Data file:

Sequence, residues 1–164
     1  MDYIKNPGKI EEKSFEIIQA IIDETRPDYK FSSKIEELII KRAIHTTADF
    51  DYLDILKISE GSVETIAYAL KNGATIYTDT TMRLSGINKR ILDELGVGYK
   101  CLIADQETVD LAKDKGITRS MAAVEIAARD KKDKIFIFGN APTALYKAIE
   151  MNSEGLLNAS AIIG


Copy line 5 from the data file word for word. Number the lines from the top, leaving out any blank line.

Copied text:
   151  MNSEGLLNAS AIIG